Assignments are made available; students are free to do them and faculty are happy to grade them, but they aren't required. For students, this means the end of anxiety. For faculty, this means we'll be grading papers fewer in number and higher in quality, with no more vacant papers that stink of duress.

All access. No registering for courses. The courses are chosen by faculty, generally within a group of 100 texts; the current courses and texts are posted, online and on the premises. Visitors pay a small per diem admission fee; members pay monthly dues on a sliding scale. Students simply show up (on time, if at all possible) at any course the university has going, for whichever class sessions they choose. Once a student has studied the Core Hundred, his or her membership is free. Naturally, only a fraction of the people who come through the door will be trying to read the whole Core Hundred.

Faculty will teach at least one text from the Core Hundred per course. Beyond this, faculty are at liberty to add whatever other texts or other instruction they choose.

Students who have completed the study of the Core Hundred, and written a thesis, are offered the opportunity to apply for a teaching position.

Can the person bring in students? Anybody who, according to our committee, has got the first criterion down is free to join us and give the second one a shot. If he or she can pay the bills by bringing in new members and/or guests, so much the better! If not, no harm no foul. This is not competition, though it does work like a marketplace in that tuition money is to be secured by word of mouth, advertising, networking, the faculty's ability to promote their own brand -- and the brand NMUH -- and the faculty's ability to earn contributions from the attendees and members by delivering compelling lectures; asking interesting questions; treating everyone with the utmost courtesy at all times; and answering student questions with knowledge.

The "Core Hundred" could be selected by the following process. A group of people who want to try launching and maintaining a New Model University for the Humanities assembles in a room. Each professor brings a list of the hundred texts he or she most wishes to teach. The hundred texts with the most nominations become the current Core Hundred. Faculty are by no means limited to teaching the resulting hundred texts. As personnel changes, every four years a new text election will be held, resulting in a new list that reflects the will of the current faculty.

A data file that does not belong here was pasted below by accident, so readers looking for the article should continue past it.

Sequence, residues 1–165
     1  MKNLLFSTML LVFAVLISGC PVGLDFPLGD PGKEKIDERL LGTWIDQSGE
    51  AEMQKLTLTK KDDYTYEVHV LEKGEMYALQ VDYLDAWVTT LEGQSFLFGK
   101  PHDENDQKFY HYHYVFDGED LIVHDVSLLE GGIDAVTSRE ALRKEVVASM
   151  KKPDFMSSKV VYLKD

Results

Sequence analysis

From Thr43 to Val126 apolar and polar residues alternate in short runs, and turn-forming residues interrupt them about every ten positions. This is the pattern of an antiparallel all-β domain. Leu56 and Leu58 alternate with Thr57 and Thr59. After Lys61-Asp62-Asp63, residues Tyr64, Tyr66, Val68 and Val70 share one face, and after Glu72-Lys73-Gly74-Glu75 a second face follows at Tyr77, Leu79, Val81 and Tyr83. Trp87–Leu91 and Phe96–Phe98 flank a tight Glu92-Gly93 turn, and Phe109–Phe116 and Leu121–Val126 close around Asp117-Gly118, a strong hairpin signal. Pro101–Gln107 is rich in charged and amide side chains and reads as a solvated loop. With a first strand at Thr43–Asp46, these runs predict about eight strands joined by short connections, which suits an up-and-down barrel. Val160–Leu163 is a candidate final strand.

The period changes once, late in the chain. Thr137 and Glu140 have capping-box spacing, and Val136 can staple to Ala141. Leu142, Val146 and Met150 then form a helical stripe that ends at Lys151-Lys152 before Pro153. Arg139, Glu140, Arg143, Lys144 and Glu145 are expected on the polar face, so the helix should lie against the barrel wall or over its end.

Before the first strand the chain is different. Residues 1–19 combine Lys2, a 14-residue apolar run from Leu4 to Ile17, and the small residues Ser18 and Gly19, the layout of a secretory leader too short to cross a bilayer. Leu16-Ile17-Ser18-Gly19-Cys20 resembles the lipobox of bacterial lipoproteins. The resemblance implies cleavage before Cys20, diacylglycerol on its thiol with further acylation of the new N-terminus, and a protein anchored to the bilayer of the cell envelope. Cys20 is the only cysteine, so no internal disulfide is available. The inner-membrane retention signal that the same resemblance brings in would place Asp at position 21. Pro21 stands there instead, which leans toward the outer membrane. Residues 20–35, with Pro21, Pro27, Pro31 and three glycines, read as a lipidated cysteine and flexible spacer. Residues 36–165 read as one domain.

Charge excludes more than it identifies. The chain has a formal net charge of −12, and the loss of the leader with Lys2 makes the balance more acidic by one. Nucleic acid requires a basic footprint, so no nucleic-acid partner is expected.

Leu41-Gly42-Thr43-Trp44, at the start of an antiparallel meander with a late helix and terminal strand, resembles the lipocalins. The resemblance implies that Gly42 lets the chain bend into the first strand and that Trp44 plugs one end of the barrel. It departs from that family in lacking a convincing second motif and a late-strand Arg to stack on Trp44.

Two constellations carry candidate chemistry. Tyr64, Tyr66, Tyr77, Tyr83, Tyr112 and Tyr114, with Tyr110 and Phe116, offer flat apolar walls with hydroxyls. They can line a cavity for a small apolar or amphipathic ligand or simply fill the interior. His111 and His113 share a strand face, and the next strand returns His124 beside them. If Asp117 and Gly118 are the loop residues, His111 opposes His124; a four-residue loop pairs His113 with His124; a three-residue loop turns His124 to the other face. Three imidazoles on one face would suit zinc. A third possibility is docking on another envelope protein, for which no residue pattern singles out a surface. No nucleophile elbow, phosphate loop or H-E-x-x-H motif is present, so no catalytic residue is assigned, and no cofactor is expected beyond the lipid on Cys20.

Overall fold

IF THIS PROJECT INTERESTS YOU and you want to explore the possibilities of a collaboration, please contact me at See also


  1. those must have been some cookies!

  2. Jamey Hecht said, "Each Professor is a dynamic teacher with a PhD and a special brilliance in the classroom."

    Dynamic, yes. Brilliant, yes. PhD, well, um, maybe.

    I'm trying to think of a PhD at my community college who's a brilliant, dynamic teacher. I'm coming up with two names, and I'm not sure one of them actually holds a PhD. I think she's ABD.

    On the other hand, I can click off a list of people with MAs who are stellar humanities teachers.

    I have an MA myself. I also have a Phi Beta Kappa key and other academic baubles on my resume. Decades ago, I walked away from a PhD program after watching my peers fall into smaller and smaller, often dubious niches. I have never regretted my decision.

    For many upper level classes, a PhD can be crucial. But for most humanities classes, an MA or even a BA and passion, both for teaching and the subject, will be plenty.

  3. I pretty much agree that the PhD requirement is a little flaky. Don't think that the rot collecting in the University only affects post doctorates. A lot of people bail the rotting system before they get their PhD.

  4. I have an Associates degree in Art, a BFA in Interior Design, and my MA in Arts Journalism was an absolute perfect fit for my interests and experience as well as an incredibly beneficial experience for myself and my skills. I'm an incredible presence in the classroom. Virtually perfect scores from student evaluation. However, I have a "professional" Master's rather than an academic degree, so I was shut out of any PHD programs because I didn't earn a totally dry and mostly irrelevant degree in Media Studies. still, I can see your need to at least tip your hat toward conventional standards.

    The thing you don't address, though, is what value this degree will have for the students. I suppose it might be so cheap that they can pursue it simply for the love of learning, which is, of course the best reason. Realistically, though, few people have the leisure for that, and most see the project of college education as at least partly being a means for financial gain. Especially in a world of shady for profit diploma mills, a mere pretty engraved parchment is looked on sceptically, at best, by HR directors. with no accreditation, how do you prove the worth of your education?

  5. The very first sentence about this thing says there WON'T be a degree awarded: "Neither conferring degrees nor seeking accreditation, the New Model University of the Humanities requires minimal administrative staff."

    In response to the previous comments, I thought NMUH would begin with a PHD requirement for faculty which would then be phased out. Why even begin with it? Because the poor bastards who put in all the time and effort and money to earn a largely useless PhD would get first crack, as a tiny bit of prosocial remediation of their predicament. I explained in the post that it is also a decent vetting mechanism, though not a very good one. The point is not this little issue of faculty screening; it's the big issue of low-cost humanities education with decent faculty pay.